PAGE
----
The father and defender of Finland, Baron Carl Gustaf Emil Mannerheim, during World War I was a cavalry general of the Imperial Russian Army. In October 1917, while he was in convalescence in Odessa, further to a bad fall from his horse, the Bolsheviks overthrew Kerensky’s provisional government and the Red Revolution broke out. With most of his fellow officers going East to join the white armies, he planned his retirement from the service and his return to Finland.
While he stayed at the Londonskaya Hotel, the best of Odessa, the Finnish-born officer had an unexpected encounter with a fortune-teller. During a tea party given by the Red Cross, the humanitarian relief volunteer Lady Muriel Paget treated her guests to séance with a medium. Mannerheim, notwithstanding he intensely disapproved spiritualists, was impressed enough with the woman’s predictions on his future, which wrote years later in his memoirs:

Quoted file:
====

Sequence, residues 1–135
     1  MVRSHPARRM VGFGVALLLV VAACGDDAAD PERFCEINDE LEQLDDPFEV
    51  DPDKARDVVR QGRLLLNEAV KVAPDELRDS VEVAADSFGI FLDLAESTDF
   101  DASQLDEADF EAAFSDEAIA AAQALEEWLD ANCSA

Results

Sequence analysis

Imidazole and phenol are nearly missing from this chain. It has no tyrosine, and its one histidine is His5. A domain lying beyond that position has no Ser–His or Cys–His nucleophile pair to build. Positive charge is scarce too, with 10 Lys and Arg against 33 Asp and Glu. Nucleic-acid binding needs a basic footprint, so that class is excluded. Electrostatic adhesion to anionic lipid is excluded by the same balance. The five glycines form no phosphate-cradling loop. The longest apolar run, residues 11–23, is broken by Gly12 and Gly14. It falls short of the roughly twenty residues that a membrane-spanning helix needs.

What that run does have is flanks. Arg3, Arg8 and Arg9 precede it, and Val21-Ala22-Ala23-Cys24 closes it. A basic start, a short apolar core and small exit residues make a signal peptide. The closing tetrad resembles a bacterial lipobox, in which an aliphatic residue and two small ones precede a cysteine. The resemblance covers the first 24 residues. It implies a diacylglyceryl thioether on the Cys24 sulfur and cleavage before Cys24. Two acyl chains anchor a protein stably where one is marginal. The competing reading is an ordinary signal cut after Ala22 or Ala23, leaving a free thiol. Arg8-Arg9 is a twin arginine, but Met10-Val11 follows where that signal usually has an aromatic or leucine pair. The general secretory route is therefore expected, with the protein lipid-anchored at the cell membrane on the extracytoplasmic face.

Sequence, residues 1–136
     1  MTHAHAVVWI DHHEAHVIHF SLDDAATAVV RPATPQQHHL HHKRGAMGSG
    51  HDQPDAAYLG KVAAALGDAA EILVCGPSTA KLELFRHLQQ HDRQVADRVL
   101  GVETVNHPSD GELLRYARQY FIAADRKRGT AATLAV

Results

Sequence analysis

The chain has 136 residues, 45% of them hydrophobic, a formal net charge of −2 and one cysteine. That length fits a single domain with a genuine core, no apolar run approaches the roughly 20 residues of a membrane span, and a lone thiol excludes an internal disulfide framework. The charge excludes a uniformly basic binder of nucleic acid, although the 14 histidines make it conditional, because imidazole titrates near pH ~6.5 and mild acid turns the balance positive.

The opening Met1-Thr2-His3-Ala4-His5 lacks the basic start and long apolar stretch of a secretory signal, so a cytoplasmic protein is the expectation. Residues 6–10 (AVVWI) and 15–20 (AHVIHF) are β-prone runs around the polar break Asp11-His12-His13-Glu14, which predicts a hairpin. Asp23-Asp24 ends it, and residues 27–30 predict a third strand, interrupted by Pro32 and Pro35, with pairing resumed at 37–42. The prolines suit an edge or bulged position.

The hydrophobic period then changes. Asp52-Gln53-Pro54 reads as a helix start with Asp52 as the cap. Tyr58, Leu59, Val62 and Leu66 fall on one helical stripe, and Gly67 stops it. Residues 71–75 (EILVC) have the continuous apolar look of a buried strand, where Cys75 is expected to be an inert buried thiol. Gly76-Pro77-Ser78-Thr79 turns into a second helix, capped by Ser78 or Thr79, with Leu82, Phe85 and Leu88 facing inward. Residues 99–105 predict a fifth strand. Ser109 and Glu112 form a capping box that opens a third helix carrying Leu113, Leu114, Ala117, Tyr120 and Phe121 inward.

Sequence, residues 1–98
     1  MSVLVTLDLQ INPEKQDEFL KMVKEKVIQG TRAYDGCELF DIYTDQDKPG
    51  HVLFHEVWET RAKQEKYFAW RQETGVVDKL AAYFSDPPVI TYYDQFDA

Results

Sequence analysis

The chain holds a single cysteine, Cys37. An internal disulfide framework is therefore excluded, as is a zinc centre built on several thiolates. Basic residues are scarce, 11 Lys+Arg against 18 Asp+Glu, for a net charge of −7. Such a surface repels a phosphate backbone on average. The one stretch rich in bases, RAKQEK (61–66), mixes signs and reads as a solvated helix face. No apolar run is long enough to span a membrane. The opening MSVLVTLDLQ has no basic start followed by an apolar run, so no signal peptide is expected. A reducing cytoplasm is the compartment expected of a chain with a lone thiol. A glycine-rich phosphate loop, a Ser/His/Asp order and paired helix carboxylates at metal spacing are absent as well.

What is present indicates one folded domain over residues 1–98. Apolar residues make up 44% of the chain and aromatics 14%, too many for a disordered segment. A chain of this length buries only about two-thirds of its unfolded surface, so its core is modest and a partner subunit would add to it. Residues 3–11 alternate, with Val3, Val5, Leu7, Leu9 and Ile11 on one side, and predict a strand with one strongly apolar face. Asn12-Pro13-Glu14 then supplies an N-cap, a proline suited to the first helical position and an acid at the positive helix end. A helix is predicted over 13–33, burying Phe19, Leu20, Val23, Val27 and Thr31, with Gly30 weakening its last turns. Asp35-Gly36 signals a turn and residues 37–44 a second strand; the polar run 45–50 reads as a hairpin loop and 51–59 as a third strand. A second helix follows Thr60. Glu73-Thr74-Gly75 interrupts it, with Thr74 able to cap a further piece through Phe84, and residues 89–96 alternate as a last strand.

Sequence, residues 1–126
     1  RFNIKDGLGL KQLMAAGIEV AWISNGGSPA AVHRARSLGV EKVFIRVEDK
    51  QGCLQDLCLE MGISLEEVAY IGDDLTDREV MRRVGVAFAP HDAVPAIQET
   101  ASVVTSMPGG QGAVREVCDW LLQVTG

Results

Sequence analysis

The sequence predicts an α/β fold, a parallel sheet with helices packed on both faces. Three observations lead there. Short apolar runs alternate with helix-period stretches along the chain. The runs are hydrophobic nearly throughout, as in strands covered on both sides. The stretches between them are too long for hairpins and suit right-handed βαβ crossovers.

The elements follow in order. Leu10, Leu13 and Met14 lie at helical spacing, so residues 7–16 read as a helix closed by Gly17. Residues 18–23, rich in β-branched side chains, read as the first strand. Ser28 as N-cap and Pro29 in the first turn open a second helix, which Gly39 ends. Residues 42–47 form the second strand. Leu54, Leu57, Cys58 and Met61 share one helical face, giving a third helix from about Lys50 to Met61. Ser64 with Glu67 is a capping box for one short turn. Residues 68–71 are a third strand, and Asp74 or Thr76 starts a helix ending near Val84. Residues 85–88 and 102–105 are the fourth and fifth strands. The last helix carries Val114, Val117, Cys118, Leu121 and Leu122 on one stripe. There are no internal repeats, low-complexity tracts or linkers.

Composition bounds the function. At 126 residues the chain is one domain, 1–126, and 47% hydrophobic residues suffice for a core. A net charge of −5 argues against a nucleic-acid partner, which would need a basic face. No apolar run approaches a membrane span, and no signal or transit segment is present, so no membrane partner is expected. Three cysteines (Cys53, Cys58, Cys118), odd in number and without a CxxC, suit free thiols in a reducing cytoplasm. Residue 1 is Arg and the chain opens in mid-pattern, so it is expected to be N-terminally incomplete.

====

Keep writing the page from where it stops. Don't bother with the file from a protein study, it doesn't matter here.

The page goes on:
“I was to receive the command of an army and lead it to victory. After receiving great honours and high position, I was to relinquish the latter on my own accord, but before long an important mission would take me to two great Western countries, where my efforts would be crowned with success. I would return to a higher position than the one I had when I departed, but again it would be of short duration. Many years later, I was again to rise to a very high position.”
All these predictions came true. Few months later, in 1918, he was given the command of the new Finnish Civil Guard to defend the independence of Finland and defeated the red guards, who were fighting to keep Finland within the Soviet Union. Then, he went on mission to France and Great Britain to get recognition of the new-born State. On his return, he was appointed Regent of the new kingdom of Finland, until the new republic constitution was approved. Then, he retired from public life.
In 1939, was recalled as Commander-in-chief of the Finnish Army, to face Stalin’s invasion during the “winter war”. He kept this role fighting at the side of the Germans in World War II, to get back the territories lost to the Soviets. At the end of the War, he became, reluctantly, President of Finland to negotiate the peace terms with the Allies and the USSR.
Odessa was a cradle of big historical changes, predicted by a mystery fortune-teller.